Jun 26 11:01 AM | 5 Likes Like |Link to Comment
  • A Sustainable And Growing 8% Yield Is Driving NorthStar Realty Finance's Outperformance [View article]

    I have read that article and strongly disagree with it. He seems to be suggesting that the CDO repurchase at pennies on the dollar which has been massively accretive to shareholders was somehow underhanded or unethical. In my opinion, the primary job of public companies is to make money for their shareholders so opportunistic deals are very ethical.

    He also suggests that NRF has "aggressive accounting" and applies negative and perhaps unethical connotations.

    This too is wrong. The accounting used by NRF is standard and accurate. It is simply difficult to understand. NRF is a very complex company and as such necessarily has difficult accounting.

    Essentially what I got out of his article was that he was confusing the difficulty of understanding NRF with it being a bad investment. I have no authority to state that he was wrong, this is merely my opinion.
    May 22 12:42 PM | 5 Likes Like |Link to Comment
  • A Sustainable And Growing 8% Yield Is Driving NorthStar Realty Finance's Outperformance [View article]

    That is a fair question. I believe much of it has to do with the timing of acquisitions and money raising efforts. While the costs are absorbed upfront, (therefore directly affecting the Q1 earnings) the profits from the acquisitions did not fully kick in for the first quarter. Therefore first quarter earnings reflected less revenue than should be reflected going forward.

    I hope this helps to clarify and thank you for providing me the opportunity to clear this up.
    May 22 11:57 AM | 5 Likes Like |Link to Comment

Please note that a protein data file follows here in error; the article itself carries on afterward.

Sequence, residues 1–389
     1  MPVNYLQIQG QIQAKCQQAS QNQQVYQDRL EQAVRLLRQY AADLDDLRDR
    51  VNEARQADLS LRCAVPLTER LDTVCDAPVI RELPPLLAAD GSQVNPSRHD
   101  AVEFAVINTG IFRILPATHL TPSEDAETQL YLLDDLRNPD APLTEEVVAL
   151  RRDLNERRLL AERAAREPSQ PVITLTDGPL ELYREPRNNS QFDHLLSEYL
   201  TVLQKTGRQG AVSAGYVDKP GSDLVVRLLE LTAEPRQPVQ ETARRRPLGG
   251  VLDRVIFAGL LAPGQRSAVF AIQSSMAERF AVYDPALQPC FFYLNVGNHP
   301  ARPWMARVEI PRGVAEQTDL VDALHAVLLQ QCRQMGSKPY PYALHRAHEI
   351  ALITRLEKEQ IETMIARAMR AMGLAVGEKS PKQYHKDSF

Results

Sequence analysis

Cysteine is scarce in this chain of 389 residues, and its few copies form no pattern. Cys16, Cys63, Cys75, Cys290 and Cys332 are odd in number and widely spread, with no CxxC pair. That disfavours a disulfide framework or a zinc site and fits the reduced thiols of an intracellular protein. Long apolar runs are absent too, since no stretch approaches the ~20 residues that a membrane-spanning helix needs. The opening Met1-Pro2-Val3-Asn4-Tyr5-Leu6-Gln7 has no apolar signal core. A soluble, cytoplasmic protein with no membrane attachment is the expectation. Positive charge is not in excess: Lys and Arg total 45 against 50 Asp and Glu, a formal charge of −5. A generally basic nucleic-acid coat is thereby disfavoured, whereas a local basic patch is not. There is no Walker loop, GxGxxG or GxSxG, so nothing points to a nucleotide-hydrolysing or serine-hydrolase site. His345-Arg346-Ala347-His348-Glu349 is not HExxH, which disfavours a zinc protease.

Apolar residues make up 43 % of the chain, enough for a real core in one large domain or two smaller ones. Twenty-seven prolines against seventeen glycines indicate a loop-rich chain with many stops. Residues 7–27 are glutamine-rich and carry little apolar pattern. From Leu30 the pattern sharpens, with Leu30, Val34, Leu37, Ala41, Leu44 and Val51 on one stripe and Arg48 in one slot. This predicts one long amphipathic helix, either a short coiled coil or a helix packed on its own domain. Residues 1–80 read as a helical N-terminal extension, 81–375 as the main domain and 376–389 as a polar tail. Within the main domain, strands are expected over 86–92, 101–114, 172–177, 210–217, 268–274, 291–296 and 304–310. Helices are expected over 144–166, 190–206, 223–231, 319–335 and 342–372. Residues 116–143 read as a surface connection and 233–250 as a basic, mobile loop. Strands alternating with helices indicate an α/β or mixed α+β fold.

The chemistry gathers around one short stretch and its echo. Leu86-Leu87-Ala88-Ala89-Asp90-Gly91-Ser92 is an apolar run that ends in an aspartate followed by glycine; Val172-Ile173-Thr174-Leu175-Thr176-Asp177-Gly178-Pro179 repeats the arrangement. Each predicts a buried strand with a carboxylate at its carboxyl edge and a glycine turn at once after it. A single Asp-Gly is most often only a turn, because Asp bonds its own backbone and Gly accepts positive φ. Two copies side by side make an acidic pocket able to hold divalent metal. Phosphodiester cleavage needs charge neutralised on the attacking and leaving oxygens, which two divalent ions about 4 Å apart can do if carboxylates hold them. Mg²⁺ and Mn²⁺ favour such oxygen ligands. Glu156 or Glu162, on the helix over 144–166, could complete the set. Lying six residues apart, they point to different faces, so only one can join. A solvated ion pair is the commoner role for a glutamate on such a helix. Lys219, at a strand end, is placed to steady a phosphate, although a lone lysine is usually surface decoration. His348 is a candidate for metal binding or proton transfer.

• Raising A Yellow Flag Over REIT Valuation [View article]
    Nice article Adam, and thank you for the professionalism in accurate quoting and linking.
    May 21 04:01 PM | 4 Likes Like |Link to Comment
  • Investing In Industrial REITs Part 3: Lexington Realty Trust [View article]

    well the rule is that REITs have to pay out 90% of TAXABLE income. For most REITs this is a very small or negative number so I'm fairly confident LXP's dividend is legally sufficient. I tend to work more with FFO for REITs as this is a better measure of their true cashflows.
    Apr 11 10:07 AM | 4 Likes Like |Link to Comment
  • American Realty Capital Properties: David Acquires Goliath [View article]

    You suggest that I am wrong for using the MFFO figure as it does not include the most recent acquisitions. Did you read my article???? I ask because I addressed that specific point. Please read the quote below that was in the article.

    "There is another piece to factor in. CCPT3 had been making major acquisitions in 2012, so the nine month MFFO does not fully reflect its pro-rata earnings"

    Before flaming an author, at least read his article.
    Mar 25 09:55 AM | 4 Likes Like |Link to Comment
  • The Pursuit Of Mediocrity - Fallacy Of Dollar Cost Averaging And The Abuse Of Indexing [View article]

    You make a valid point about typical timings. Thanks for continuing the discussion
    Jan 19 02:04 PM | 4 Likes Like |Link to Comment
  • Healthcare REITs Are Far Safer Than You Would Think [View article]

    You are bringing up some very interesting points for discussion. I'm just not quite sure what angle you are coming from, so it is difficult for me to address them.

    1) Like I said in the article, it really is an unknown. It appears your view of our government is a bit more pessimistic than mine, but there may be something to it.

    2) I agree that in some cases the contract will be terminated and the building returned to the REIT, but I have to disagree on the cascade you refer to. Such things may occur in other sectors, but for healthcare, the building rent is such a small portion of expenditure that relocation of operations would rarely be worth a slight decrease in rent. For example, rental expenses for Sun Healthcare Group were only $36.6mm in the third quarter compared to revenue of $460.5mm. The relatively low cost of rent and relatively high cost of relocation favors homeostatic contractual conditions.

    3) "new investment drops, occupancy climbs" Please clarify what you mean by this. New investment in what? and occupancy of what? As far as I know, the healthcare REITs are mostly 100% occupied already as the entire buildings are obtained and rented simultaneously through sale-leaseback transactions.

    thank you for furthering the discourse.
    Nov 19 10:23 AM | 4 Likes Like |Link to Comment